Delivery alert

There may be an issue with the delivery of your newspaper. This alert will expire at NaN. Click here for more info.

Recover password

Cops: Man Hated Catholics

ALBUQUERQUE, N.M. — Mark Macoldowna – a “self-described Constitutionalist” who “hates Catholics” – and two accomplices had planned a robbery of the Catholic Center/St. Pius X complex for more than a week and a half before coming to Albuquerque on Monday from Ruidoso, according to police.

Macoldowna, a 31-year-old resident of Ruidoso who also used the name Mark Beechum, was fatally shot outside the complex by Albuquerque police officer Mario Perez in a close-range gun fight after the robbery on Wednesday night, officials said.

Macoldowna’s two accomplices were Kymberly Bates, his 24-year-old girlfriend, and his friend James Kellogg, 33, both of Ruidoso, police said.

The two were taken into custody late Thursday in Ruidoso and charged with conspiracy to commit armed robbery and conspiracy to commit kidnapping, according to arrest warrants. Bates also faces a charge of armed robbery. Authorities in Albuquerque plan to have them both extradited to Bernalillo County as soon as possible.

Bates told police that she, Macoldowna and Kellogg began planning the robbery about 10 days beforehand by researching the complex online, the warrants state.

Schultz said the group came to the conclusion that the Catholic Center’s administrative offices served as a repository for money collected by all local parishes and that there would be a significant amount of money there on Wednesday.

Macoldowna, who has a conviction for weapons charges in El Paso and is a suspect in an armed robbery in Ruidoso Downs, was routinely seen around Ruidoso with a firearm, the chief said.

He said Macoldowna is a Constitutionalist, which refers to a broad range of philosophical values that is generally characterized by a belief in the limited scope of government.

The plan, Bates told police, was for Kellogg to “strong arm” the security guard and allow Macoldowna to go inside the complex, the warrants state.

But after the three arrived in Albuquerque on Monday, according to the warrants, Kellogg “chickened out” and asked to be dropped off at a friend’s house. So Macoldowna and Bates watched the complex for two days and purchased zip ties and duct tape from an area hardware store.

Kellogg told police he didn’t believe Macoldowna would go through with the robbery, the warrants state.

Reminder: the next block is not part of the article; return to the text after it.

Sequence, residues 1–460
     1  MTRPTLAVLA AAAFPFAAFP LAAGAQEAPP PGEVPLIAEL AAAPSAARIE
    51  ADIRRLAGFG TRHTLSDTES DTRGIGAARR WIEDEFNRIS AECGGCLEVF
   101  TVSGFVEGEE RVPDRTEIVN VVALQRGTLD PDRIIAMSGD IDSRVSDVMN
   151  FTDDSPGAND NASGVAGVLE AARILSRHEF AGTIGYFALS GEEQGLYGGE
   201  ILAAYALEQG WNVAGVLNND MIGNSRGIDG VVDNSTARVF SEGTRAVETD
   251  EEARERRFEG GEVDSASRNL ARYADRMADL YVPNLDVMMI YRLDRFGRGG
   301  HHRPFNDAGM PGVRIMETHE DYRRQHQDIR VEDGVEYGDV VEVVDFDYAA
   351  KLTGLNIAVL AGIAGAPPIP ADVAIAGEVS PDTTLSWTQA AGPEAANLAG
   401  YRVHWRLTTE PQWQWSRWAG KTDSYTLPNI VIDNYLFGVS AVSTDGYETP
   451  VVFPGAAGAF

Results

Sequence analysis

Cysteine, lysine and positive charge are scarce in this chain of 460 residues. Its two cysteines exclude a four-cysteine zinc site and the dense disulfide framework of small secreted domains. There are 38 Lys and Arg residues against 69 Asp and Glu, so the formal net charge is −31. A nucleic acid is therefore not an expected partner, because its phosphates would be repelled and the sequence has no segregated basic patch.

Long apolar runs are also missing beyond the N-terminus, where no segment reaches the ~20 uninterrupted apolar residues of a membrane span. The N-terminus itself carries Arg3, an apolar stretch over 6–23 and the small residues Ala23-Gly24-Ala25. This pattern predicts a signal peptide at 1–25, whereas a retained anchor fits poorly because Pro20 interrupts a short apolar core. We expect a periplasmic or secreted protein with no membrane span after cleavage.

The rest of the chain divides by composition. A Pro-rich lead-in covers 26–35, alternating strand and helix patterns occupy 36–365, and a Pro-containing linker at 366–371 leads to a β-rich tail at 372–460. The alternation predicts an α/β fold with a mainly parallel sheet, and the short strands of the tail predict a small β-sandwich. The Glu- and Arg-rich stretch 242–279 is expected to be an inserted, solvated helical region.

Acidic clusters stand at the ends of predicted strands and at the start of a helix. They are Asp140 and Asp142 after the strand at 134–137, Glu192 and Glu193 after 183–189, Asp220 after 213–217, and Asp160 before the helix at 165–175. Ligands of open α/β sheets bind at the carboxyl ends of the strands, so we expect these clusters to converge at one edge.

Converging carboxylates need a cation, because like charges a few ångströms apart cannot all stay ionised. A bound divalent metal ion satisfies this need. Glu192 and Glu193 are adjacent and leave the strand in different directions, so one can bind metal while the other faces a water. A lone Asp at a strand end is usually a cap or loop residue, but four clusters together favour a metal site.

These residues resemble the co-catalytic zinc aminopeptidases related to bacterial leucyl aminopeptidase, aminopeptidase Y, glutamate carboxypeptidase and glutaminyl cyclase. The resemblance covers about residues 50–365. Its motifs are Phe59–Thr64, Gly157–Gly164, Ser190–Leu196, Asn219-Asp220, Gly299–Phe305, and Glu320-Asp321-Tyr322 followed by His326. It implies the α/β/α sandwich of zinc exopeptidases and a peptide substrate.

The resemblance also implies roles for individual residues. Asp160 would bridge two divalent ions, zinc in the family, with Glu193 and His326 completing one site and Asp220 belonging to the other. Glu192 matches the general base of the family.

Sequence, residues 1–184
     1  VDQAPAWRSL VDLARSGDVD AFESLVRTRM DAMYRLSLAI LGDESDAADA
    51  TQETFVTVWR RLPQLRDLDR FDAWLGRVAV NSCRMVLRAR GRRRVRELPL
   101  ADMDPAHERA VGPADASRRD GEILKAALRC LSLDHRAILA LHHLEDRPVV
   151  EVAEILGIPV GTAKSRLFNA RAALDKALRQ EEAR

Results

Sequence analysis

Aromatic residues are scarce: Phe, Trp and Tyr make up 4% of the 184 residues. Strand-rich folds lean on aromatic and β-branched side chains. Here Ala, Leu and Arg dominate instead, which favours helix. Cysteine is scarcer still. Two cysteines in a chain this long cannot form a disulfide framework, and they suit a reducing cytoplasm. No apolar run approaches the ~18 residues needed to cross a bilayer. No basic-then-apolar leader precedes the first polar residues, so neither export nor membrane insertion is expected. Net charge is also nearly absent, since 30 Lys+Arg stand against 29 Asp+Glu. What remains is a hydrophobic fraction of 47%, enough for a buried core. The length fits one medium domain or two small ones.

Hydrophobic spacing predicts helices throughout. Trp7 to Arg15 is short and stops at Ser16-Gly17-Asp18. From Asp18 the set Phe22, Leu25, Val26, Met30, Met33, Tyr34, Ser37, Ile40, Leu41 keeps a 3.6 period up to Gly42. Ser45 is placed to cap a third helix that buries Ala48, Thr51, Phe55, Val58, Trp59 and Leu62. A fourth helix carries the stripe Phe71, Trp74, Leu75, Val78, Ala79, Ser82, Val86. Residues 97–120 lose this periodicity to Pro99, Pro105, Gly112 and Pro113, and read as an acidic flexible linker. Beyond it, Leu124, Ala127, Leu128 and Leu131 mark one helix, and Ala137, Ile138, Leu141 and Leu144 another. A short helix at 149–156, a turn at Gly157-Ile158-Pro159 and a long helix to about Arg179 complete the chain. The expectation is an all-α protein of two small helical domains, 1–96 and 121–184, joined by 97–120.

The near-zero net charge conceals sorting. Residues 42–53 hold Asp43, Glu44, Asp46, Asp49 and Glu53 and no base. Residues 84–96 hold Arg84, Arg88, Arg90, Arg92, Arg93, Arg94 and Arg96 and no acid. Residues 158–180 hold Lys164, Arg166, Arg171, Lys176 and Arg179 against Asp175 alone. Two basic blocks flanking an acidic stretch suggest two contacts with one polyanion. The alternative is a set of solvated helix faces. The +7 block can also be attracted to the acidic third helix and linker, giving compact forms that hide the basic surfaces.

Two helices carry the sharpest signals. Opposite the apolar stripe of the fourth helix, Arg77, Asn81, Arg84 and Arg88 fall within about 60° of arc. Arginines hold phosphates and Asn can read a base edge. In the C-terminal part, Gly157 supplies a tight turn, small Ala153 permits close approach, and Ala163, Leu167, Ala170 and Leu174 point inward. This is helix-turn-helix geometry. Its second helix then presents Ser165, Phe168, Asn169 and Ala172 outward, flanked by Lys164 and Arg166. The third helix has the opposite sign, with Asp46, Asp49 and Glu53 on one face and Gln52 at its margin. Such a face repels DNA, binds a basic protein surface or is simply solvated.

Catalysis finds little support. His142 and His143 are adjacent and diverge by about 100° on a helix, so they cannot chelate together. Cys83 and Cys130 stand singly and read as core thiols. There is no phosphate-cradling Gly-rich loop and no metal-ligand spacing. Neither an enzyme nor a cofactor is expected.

On Wednesday night, Bates dropped Macoldowna off at the complex and left, the warrants state. Macoldowna was to call her and be picked up after the robbery.

Macoldowna waited outside the complex until a security guard walked past, according to the warrants. He attacked the guard, held him at gunpoint and the two went inside the administrative office building.

Macoldowna tied the guard to a chair and “tightly” zip-tied his neck, the warrants state. He took the guard’s keys and took a small safe from a room on the second floor. While Macoldowna was upstairs, the guard called his supervisor, who called 911.

Before leaving the building, Macoldowna called Bates to pick him up.

Officer Perez, who responded to the 911 call, encountered Macoldowna outside the administrative offices, and a close-range gun battle quickly ensued, Schultz said.

It’s unclear who shot first, and Perez didn’t remember, the chief said. A low-quality security camera appears to show Macoldowna fire the first shot after dropping the safe, which turned out to be empty.

“It was kind of a standard gun fight,” Schultz said in an interview. “It was all about who could draw fastest.”

The two were six to eight feet apart.

Macoldowna got off three rounds, the chief said, but was unable to empty his .357-caliber revolver because it malfunctioned. All of the rounds missed, and police say the heavy gloves he was wearing may have gotten caught in the weapon’s firing mechanism.

Perez got off five rounds, Schultz said. Four of them struck Macoldowna, killing him.

“Officer Perez is a very lucky man,” the chief said.

According to the warrants, Bates saw several police officers at the complex when she arrived to pick Macoldowna up and drove away.

She picked Kellogg up and the two drove back to Ruidoso hours after the robbery.

Schultz would not say how police learned about Bates and Kellogg.

— This article appeared on page A1 of the Albuquerque Journal



Suggested on ABQjournal